Ethnography? I am embarrassed to say I never heard that word before this Doctoral program, not even once…
It’s kinda sad to have to look up your key word for the week to see what it means. But, look it up I did. Sorry to say, I still don’t fully understand what it really is. However, after trying to think more critically about it, I finally rested on a description that makes sense to me, pieced together from our author, Ms. Pink, “Visual”=using photography, video and web based media, and “ethnography”=ways of knowing and understanding experiences. 
Cool! Using visual aides to share experiences so that others may know and understand. I can do that! Inserted above is one of my favorite pictures from our Cape Town advance. Hope it helps you understand further what I experienced with those precious children. Like most of our cohort has already appropriately written, “A picture is worth a thousand words.” A picture is also worth a thousand memories…
However, I have discovered about myself, that to do “ethnography” I have to use a completely different side of my brain, like an artist. I have never been “artistic” but would rather stick to the cold hard facts. Nothing against artists or their brain activity, but my mind sometimes fogs over when we get to the touchy-feely (artsy fartsy) stuff. Am I allowed to say that here?
Actually, visual ethnography makes a lot of sense, especially in our media driven culture. The more I think about it, the more I like being able to use visual ethnology in my research for my dissertation topic about the effectiveness of Dave Ramsey’s Financial Peace University in facilitating generosity towards the local church. Consider this photo I found in my recent research: 
How does this picture show me WAYS OF KNOWING and UNDERSTANDING EXPERIENCES? First of all, from this picture, my research might gather that Dave Ramsey is a grumpy old codger, intense and in-your-face. Not sure if that is true, so the critical side of my brain begins to ask questions like, “Is this a fair representation of Dave? Does the author of this article have a bone to pick with Mr. Ramsey? Why a pencil drawing instead of a color picture?” Come to find out, quite a few people think Dave Ramsey is mean. Others think he has truly made a positive difference in their lives. Interestingly, the author did in fact have a disagreement with Dave Ramsey, so he used a pencil drawing instead of an actual picture, perhaps to display a little more negative emotion without the reader even knowing it.
Consequently, I find myself asking myself, “Can a picture lie?“ I answer myself, “Yep!” Especially depending on your perception. I think many people lie on a daily basis as they create an “online persona” that is far from reality. I have tried to share that fact with my gullible daughter who believes everything she sees and hears on her “friends” Facebook pages.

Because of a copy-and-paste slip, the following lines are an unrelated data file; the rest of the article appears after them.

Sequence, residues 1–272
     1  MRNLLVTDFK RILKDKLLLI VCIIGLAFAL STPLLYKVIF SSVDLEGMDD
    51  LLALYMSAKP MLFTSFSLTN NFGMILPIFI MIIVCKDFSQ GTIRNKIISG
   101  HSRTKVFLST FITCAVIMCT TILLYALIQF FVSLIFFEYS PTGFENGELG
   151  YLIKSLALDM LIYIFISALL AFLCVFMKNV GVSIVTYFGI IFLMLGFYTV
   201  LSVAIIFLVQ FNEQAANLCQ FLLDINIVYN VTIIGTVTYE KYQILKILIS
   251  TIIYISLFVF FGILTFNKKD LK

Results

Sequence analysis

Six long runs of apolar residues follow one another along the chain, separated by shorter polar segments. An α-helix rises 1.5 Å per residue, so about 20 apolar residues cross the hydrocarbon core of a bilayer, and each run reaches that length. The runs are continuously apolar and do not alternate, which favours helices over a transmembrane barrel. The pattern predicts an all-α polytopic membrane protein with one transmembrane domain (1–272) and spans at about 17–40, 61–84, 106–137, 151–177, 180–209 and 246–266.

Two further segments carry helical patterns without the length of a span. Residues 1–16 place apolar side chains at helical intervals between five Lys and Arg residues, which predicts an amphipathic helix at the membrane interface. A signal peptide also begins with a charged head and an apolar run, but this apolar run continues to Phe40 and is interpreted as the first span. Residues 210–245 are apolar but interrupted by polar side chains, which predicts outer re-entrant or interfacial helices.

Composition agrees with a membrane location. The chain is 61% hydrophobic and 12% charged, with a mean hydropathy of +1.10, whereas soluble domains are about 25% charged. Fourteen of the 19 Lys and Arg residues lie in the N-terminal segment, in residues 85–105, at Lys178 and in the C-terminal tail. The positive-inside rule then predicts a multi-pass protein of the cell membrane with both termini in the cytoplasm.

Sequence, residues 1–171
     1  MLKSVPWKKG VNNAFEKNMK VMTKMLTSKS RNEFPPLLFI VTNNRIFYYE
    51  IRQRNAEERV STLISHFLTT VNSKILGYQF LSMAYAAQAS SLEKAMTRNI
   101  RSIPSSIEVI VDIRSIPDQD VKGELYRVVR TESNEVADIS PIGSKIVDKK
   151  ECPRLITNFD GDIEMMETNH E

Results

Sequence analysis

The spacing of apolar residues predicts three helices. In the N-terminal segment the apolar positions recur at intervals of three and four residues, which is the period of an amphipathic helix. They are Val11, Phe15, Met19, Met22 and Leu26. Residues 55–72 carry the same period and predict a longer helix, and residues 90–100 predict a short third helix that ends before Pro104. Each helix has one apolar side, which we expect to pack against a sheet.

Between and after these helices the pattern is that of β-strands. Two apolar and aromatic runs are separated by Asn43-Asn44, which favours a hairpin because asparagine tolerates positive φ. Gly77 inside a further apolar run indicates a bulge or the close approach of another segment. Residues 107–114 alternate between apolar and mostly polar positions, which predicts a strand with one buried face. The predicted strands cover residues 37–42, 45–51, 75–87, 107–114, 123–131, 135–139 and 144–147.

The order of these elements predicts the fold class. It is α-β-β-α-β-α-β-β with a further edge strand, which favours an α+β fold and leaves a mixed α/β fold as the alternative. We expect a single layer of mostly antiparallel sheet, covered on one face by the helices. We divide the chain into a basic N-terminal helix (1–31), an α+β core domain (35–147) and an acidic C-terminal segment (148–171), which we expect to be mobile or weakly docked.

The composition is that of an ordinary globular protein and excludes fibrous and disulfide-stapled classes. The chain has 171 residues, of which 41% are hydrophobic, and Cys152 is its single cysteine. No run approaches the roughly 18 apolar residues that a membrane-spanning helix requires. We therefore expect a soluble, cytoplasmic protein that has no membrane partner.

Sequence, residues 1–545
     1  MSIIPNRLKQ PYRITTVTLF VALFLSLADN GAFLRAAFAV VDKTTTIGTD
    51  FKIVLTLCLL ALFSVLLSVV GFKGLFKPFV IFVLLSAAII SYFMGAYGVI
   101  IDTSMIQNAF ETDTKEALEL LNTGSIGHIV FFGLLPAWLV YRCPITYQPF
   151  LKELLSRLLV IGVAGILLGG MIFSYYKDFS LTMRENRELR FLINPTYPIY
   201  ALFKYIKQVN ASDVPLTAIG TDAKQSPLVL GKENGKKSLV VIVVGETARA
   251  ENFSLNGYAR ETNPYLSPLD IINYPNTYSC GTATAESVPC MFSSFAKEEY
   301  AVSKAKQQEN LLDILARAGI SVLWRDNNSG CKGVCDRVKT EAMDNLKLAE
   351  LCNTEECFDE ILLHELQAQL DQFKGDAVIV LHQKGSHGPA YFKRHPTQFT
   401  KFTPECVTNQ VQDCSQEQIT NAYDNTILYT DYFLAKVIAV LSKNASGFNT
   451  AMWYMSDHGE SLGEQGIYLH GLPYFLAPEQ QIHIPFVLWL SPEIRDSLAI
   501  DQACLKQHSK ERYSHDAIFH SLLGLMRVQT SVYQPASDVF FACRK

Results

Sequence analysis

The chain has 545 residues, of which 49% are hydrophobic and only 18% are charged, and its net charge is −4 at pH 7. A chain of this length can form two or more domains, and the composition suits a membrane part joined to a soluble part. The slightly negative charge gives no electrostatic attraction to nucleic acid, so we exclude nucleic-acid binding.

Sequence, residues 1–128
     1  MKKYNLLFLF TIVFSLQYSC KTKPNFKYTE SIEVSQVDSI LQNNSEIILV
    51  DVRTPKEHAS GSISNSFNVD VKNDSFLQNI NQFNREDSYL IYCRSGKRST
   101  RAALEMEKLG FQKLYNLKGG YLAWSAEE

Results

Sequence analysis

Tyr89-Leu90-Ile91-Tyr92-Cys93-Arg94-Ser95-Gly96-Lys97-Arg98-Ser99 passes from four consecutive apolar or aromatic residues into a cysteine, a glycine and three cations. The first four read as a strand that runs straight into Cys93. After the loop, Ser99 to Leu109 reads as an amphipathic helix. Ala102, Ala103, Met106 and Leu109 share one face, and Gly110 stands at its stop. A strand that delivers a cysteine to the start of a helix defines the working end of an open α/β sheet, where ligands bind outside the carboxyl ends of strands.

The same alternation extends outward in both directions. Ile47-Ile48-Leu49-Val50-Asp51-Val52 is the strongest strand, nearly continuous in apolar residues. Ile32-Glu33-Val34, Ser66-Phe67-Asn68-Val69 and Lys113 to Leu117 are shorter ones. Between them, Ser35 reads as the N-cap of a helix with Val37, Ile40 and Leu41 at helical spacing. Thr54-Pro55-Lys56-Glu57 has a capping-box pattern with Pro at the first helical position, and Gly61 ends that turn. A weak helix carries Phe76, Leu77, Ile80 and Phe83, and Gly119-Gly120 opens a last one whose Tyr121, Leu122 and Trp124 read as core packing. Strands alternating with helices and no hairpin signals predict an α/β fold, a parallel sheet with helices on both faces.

I found myself being grateful that Dr. Jason allowed us to use this week’s book as a reference, as he encouraged us to read reviews and other print. I found something very interesting using another book from Sarah Pink titled, “Advances in Visual Methodology”  where the question was raised in my mind, “Are there INAPPROPRIATE ways to research and use visual ethnology, especially in the rapidly changing and enormous landscape of the growing power of media?” Consider this next picture: 
If this picture encouraged someone to cheat on their spouse, for sure it could be used in inappropriate ways. To a person who has been cheated on before, this picture might be terribly offensive and would probably bring up a crate full of unholy emotions. My wife just looked over my shoulder and interjected, “I won’t say what that picture makes me think.” Ouch, my point exactly!
I feel we need to be cautious in jumping too far into visual media for telling stories and for doing research. Pornography, child exploitation, degradation of women and false advertising are all terribly inappropriate uses of visual storytelling. Clare Woolhouse states in her review of Sarah Pink, “It is a well-rehearsed argument that while photographs can be portrayed as reflections of reality they are, in fact, manipulated, produced socially and staged by those who produced and annotated them, and by the choices and selections made by researchers. 
Having said all this, this week’s topic has stretched the other side of my brain and I have enjoyed being introduced to a modern–and I think interesting–tool of academia.
Having said that, I am very much looking forward to creating my own visual ethnography story of Cape Town and sharing it in blog form. I am even more looking forward to seeing all the visual ethnography of my cohort members!
 Pink, Sarah. Doing: Visual Ethnography ; Images, Media and Representation in Research. (London: SAGE, 2003), Kindle Edition, Introduction, p.1.
 Phoenix, Salmon. Save Like Dave Ramsey…Just Don’t Invest Like Him. (New York: Time Magazine Online, September 26, 2013).
 Pink, Sarah. Advances In Visual Methodology. (London: SAGE, 2012a).
 Park, McKenna. Why People Cheat On Their Spouse, According To A Relationship Expert. (Family Share Social Media, Deseret, 2014).